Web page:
A new research paper by NETSI faculty member Chris Riedl and colleagues has been published in Information Systems Research.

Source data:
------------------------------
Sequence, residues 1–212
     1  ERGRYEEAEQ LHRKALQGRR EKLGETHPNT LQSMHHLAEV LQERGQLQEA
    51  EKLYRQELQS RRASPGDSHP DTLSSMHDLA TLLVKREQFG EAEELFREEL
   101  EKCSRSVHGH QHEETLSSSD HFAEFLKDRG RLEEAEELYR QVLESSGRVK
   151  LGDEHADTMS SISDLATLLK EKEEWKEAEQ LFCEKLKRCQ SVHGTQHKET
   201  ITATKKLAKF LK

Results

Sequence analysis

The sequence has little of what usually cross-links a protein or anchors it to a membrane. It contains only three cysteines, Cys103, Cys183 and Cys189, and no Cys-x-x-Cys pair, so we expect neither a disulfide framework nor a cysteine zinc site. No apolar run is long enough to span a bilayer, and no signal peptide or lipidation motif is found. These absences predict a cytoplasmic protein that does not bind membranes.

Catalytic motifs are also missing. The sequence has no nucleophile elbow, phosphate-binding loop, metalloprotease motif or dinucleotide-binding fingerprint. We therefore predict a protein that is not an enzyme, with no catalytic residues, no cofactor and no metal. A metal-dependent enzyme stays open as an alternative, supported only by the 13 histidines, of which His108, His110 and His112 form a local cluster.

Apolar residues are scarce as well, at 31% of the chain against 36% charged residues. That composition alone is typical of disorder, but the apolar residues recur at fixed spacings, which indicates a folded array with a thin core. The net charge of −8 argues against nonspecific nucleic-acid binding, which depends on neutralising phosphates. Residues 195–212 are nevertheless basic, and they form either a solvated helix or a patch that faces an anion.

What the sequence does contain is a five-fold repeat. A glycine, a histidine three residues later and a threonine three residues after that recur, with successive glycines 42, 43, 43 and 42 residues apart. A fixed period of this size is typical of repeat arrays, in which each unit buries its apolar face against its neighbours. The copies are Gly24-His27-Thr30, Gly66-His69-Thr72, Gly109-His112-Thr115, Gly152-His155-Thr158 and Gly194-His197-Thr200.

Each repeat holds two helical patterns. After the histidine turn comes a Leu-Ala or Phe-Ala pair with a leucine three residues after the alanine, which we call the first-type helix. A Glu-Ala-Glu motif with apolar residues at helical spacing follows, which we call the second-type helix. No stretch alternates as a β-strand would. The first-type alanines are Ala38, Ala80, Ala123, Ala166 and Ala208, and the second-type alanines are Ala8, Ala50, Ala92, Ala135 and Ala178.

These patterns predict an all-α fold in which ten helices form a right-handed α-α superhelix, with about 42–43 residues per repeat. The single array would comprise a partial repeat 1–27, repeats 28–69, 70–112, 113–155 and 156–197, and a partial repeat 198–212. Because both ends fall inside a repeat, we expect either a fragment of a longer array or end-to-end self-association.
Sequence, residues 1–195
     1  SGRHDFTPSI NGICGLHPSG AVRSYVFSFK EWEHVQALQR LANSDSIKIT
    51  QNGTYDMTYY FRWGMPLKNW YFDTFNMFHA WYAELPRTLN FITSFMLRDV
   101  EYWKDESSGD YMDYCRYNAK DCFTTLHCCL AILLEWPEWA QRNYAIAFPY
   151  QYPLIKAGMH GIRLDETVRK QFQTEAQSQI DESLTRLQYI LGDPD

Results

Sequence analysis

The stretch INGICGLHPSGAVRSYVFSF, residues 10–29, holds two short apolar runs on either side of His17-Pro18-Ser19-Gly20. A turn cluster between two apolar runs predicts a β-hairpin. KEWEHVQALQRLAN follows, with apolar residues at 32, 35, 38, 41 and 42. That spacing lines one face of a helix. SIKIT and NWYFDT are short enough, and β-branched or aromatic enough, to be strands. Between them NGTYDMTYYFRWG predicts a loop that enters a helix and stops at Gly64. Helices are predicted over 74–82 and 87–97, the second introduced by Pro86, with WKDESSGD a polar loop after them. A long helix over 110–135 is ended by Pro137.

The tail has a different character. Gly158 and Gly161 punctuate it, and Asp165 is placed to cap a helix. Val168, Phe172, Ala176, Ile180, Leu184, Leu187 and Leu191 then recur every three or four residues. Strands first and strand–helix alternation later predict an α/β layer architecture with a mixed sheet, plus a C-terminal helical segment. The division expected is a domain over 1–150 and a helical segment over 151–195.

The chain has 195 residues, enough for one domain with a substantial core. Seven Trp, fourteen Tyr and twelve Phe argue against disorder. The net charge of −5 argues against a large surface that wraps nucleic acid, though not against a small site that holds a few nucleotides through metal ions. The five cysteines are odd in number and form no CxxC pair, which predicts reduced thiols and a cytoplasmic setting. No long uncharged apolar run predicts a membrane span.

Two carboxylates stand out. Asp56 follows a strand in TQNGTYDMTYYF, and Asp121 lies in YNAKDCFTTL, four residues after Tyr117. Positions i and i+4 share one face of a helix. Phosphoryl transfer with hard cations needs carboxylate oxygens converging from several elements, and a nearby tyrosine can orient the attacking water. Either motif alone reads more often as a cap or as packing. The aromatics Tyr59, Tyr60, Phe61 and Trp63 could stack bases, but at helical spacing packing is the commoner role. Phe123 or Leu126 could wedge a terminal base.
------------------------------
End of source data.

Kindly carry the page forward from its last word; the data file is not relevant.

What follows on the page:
Application/Impact: Information technology has enabled organizations to source ideas for new products and services in an open fashion through idea competitions, crowdsourcing communities, or the lead user method. These approaches frequently lead to a magnitude of diverse ideas from which organizations need to identify the most promising ones. In this paper, we compare two leading mechanisms for open idea evaluation: a multi-dimensional rating scale and a preference market. In an experiment with 120 participants, we find that the rating scale is easier to use than the preference market and that this difference in usability enables users to evaluate the quality of the ideas more accurately. This effect of usability becomes stronger when users perceive the evaluation task as being highly variability and when users evaluate ideas that are more difficult to read. Overall, we find that rating scale users evaluated the ideas about 15% more accurately than preference market users. Our results indicate that organizations should use a multi-dimensional rating scale for open idea evaluation and that the usability of those IT-based system is critical given the difficult nature of the idea evaluation task.